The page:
It's sometimes scary how often we must relearn the basics.
I was recently watching a talk given by Simon Sinek where he casually mentioned how inspiring but also depressing it is that there is so much interest in his work, given that it's pretty much all basic stuff.
This reminded me of a time many years ago when I thought it was a good idea to take Karate class (TL;DR, it wasn't). The instructor, who was like a level 29 super black belt or something, told the story of a recent trip to Japan where he met with a level 55 black belt (obviously I wasn't in Karate long). He said he thought when he got there, he'd learn about some crazy flying backflip Karate super secrets, real Hollywood movie stuff. It turned out however, that they spent the entire time on punches and kicks. And not the elaborate kind, the types of punches and kicks you learn in your first day at Karate class.
My instructor said that during this time, he began to understand the importance of basics. He had been doing these punches and kicks for decades, but the mindful practice of basics lifted the effectiveness of all other actions. The same thing Simon Sinek stated during his talk, focusing on the basics yields the greatest value, but is often overlooked.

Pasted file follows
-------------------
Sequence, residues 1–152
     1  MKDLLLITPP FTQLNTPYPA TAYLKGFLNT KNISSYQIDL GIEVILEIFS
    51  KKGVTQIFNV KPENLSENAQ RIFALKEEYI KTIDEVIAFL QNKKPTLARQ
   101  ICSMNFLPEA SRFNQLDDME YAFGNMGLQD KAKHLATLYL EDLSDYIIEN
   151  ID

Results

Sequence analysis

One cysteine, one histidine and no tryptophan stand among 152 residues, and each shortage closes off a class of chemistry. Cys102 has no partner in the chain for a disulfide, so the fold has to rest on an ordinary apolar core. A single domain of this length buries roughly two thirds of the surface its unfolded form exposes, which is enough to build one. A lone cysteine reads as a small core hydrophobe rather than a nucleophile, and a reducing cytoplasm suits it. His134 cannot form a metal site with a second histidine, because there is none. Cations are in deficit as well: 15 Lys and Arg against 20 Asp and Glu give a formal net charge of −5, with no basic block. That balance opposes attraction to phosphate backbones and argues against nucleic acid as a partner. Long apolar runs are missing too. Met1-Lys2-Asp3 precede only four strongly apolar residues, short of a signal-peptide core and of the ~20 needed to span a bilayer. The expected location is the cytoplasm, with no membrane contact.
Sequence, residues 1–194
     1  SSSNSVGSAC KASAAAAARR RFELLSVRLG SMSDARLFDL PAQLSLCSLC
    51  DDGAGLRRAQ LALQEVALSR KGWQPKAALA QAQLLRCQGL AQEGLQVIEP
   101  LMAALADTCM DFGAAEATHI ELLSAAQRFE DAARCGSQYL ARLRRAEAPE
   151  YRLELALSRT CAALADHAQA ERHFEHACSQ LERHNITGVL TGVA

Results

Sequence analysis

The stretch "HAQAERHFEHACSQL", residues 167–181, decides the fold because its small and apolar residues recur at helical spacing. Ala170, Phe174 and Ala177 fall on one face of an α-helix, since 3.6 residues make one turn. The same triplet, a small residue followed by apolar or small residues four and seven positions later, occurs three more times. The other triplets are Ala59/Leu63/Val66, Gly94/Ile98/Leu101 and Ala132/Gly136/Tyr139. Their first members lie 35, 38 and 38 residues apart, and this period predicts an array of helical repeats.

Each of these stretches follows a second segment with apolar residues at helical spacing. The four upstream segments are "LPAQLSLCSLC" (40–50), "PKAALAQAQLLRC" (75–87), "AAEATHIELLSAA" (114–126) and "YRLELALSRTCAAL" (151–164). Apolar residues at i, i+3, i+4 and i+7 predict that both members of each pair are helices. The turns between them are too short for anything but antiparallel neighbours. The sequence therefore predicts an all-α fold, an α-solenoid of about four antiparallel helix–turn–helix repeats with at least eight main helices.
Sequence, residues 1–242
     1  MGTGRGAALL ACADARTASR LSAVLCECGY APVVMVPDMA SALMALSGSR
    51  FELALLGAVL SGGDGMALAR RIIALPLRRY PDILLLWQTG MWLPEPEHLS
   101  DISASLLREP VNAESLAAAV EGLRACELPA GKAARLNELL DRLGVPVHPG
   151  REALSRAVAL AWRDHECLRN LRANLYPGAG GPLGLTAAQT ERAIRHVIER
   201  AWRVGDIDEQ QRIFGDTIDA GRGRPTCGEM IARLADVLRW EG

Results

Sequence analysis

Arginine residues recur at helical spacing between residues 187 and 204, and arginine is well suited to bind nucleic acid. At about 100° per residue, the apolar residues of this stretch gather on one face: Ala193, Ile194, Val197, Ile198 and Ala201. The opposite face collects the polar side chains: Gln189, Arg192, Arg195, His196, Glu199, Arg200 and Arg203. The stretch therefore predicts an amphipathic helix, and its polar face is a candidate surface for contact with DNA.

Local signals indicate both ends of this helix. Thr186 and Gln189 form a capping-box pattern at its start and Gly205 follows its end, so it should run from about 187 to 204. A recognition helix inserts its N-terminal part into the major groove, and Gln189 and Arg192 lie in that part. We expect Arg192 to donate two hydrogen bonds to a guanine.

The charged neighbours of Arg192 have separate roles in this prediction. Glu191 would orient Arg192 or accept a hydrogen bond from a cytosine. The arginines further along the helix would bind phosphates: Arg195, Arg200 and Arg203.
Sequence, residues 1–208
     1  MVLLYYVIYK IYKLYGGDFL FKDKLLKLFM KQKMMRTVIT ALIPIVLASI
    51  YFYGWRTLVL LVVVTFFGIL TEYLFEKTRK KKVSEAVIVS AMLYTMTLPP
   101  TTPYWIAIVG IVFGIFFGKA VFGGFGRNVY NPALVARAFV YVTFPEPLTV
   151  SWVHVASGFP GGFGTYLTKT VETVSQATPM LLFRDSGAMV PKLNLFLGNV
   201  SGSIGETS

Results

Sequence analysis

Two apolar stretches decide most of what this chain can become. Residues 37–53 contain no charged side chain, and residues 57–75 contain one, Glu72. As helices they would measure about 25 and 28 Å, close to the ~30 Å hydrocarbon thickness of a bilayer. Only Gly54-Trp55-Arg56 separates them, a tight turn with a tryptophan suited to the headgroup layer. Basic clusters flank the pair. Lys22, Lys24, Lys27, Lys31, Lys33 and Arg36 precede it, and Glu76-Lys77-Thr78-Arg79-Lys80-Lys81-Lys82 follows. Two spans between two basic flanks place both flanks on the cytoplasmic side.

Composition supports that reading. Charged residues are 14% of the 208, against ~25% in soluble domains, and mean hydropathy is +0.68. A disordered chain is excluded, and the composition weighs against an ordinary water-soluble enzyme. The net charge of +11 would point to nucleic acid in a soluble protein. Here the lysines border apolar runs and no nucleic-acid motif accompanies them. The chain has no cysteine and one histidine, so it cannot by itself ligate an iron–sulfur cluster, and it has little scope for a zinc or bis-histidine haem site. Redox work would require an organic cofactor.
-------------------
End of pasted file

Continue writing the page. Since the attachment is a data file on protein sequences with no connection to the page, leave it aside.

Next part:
I tend to not read books over again, but I do make an exception with Drive. Whenever I get in a leadership rut, or when something another manager says hits my wrong and I can't figure out why, inevitably the answer can be found in this book. Motivating and empowering teams isn't a new idea, but a rather basic idea, and ultimately often forgotten or disregarded by too many managers. It's good to be reminded of this from time to time.